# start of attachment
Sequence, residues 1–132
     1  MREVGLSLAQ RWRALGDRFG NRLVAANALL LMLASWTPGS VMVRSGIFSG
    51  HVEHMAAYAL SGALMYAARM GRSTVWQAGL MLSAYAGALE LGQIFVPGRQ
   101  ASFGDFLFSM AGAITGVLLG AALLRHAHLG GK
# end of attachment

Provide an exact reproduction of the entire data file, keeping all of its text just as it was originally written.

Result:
Sequence, residues 1–132
     1  MREVGLSLAQ RWRALGDRFG NRLVAANALL LMLASWTPGS VMVRSGIFSG
    51  HVEHMAAYAL SGALMYAARM GRSTVWQAGL MLSAYAGALE LGQIFVPGRQ
   101  ASFGDFLFSM AGAITGVLLG AALLRHAHLG GK